Total Articles: 10
Carothers DiSante & Freudenberger LLP • September 07, 2017
As employers will recall, last year the Department of Labor (under the prior Obama administration) issued a new rule dramatically increasing the minimum salary to qualify for an exemption from overtime under the Fair Labor Standards Act. Shortly before the new rule was to take effect, a Texas court issued a preliminary nationwide injunction enjoining the new rule. The DOL appealed that ruling and the appeal has been pending (but is not yet decided) before the Fifth Circuit Court of Appeals. Meanwhile, the litigation before the Texas trial court has continued and on Thursday, the same judge that issued the earlier preliminary injunction granted summary judgment in favor of the state plaintiffs challenging the rule.
Littler Mendelson, P.C. • April 24, 2017
In late 2016, after more than a year of debate, the District of Columbia Council voted to create one of the most generous paid leave laws in the country. After making it through the congressional review period, the Universal Paid Leave Act of 2015 (“the Act”) became effective on April 7, 2017. The Act provides covered employees with 8 weeks of paid parental leave, 6 weeks of paid family leave, and 2 weeks of paid personal medical leave. The paid leave will be funded by a 0.62% increase in DC employer payroll taxes.
Ogletree Deakins • February 27, 2017
On February 15, 2017, Washington, D.C., Mayor Muriel Bowser signed into law the District of Columbia’s Fair Credit in Employment Amendment Act of 2016 (FCEAA). This Act, which amends the District’s Human Rights Act of 1977, follows other jurisdictions, such as New York City and Philadelphia, in significantly restricting an employer’s ability to inquire into or use an applicant’s or employee’s credit history in making employment decisions. The Act is expected to go into effect after (1) a 30-day period of congressional review and (2) publication in the District of Columbia Register.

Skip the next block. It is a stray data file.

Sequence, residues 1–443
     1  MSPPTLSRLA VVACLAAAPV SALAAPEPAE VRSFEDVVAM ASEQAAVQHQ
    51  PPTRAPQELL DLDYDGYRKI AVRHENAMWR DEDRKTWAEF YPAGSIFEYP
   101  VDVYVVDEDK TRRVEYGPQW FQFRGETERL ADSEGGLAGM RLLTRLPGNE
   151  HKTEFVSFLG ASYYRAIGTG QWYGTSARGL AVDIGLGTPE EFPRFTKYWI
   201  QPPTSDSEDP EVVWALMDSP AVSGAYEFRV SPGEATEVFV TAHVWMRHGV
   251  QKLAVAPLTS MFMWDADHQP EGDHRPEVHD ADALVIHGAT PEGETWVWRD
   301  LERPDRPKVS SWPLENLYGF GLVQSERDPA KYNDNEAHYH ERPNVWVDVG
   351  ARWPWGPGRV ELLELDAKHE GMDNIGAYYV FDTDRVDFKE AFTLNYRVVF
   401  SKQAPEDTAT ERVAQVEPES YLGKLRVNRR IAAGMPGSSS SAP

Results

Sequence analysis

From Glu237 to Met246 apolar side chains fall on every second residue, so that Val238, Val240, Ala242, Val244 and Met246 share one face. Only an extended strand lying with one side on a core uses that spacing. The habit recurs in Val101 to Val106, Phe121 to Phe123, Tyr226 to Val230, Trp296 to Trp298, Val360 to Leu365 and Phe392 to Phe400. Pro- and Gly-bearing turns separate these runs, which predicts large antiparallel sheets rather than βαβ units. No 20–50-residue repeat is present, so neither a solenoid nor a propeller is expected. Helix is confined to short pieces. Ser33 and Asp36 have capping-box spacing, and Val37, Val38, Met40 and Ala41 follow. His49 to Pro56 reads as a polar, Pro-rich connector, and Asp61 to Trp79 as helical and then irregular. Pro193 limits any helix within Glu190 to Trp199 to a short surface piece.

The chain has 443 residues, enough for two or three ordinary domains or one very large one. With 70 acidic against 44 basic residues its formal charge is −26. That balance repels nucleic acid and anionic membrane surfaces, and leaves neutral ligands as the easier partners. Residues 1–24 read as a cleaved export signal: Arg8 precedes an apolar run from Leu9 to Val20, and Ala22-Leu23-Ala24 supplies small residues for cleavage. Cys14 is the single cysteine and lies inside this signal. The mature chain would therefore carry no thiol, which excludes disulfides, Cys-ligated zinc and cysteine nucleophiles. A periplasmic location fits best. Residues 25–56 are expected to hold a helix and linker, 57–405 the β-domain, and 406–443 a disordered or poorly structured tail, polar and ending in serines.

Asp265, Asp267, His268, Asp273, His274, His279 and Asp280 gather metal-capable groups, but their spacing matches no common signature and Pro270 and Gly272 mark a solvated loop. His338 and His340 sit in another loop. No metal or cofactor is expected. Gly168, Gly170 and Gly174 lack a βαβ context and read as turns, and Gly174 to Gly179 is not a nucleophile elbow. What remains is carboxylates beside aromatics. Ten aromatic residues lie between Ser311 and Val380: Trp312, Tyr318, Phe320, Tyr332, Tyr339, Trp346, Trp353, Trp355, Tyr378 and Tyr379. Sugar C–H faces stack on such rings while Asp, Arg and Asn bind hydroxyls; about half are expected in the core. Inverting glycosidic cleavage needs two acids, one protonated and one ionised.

Littler Mendelson, P.C. • February 20, 2017
On February 15, 2017, District of Columbia Mayor Muriel Bowser signed a bill prohibiting, with limited exceptions, employers’ use of or obtaining a job applicant's or employee's credit information for employment purposes. D.C. joins the growing list of jurisdictions that have enacted similar laws: California, Chicago, Colorado, Connecticut, Hawaii, Illinois, Maryland, Nevada, New York City, Oregon, Philadelphia, Vermont, and Washington.1
Jackson Lewis P.C. • February 20, 2017
Back in December 2016, we wrote an article discussing the passage of the District of Columbia Universal Paid Leave Amendment Act of 2016 (“the Act”) by a 9 to 4 DC City Council vote on December 20th. We explained that the next step was for the Act to be presented to Mayor Muriel Bowser. At that time, Mayor Bowser had expressed concerns about the Act and stated that she would not sign it.
Jackson Lewis P.C. • January 10, 2017
The Washington D.C. Council unanimously passed the “Fair Credit in Employment Amendment Act” (Bill 21-244) to amend the Human Rights Act of 1977 and prevent employers from taking discriminatory action against applicants, interns and employees based on the individual’s “credit information.”
Ogletree Deakins • December 29, 2016
Employers in the District of Columbia (D.C. or District) found a lump of coal in their holiday stockings this year thanks to the D.C. Council’s passage of the Universal Paid Leave Amendment Act of 2016 (UPLA) on December 20, 2016. The UPLA creates the most expansive paid leave benefits in the nation, enabling employees to receive a combination of paid leave, which can include up to eight weeks of parental leave, six weeks of family medical leave, and two weeks of personal medical leave every year. The benefits will be provided to employees through a government-run, claims-based system similar to the one used for unemployment insurance.
Vedder Price • December 28, 2016
On December 20, 2016, the DC City Council voted in favor of the Universal Paid Leave Amendment Act (“Paid Leave Act”), a bill granting generous family and medical leave benefits to employees working in the District. If enacted, the bill would be one of the most generous paid family and medical leave programs in the country. Rhode Island, New Jersey, California and New York also have adopted paid family and medical leave legislation.
Jackson Lewis P.C. • December 23, 2016
The Washington, D.C., Council has approved a measure that requires employers to provide paid family leave to employees working in the District of Columbia. The veto-proof 9-to-4 vote moves the significant increase in mandatory paid time off closer to becoming law in the District of Columbia.
Littler Mendelson, P.C. • December 23, 2016
After more than a year of debate, on December 20, 2016, the District of Columbia Council voted to create one of the most generous paid leave laws in the country. DC now joins California, New Jersey, New York and Rhode Island in advancing laws to provide paid medical, parental and family care leave to employees working in those jurisdictions. The Universal Paid Leave Act of 2015 (Bill B21-0415) (“the Act”), in its final form, provides covered employees with 8 weeks of paid parental leave, 6 weeks of paid family leave, and 2 weeks of paid personal medical leave. The paid leave will be funded by a 0.62% increase in DC employer payroll taxes.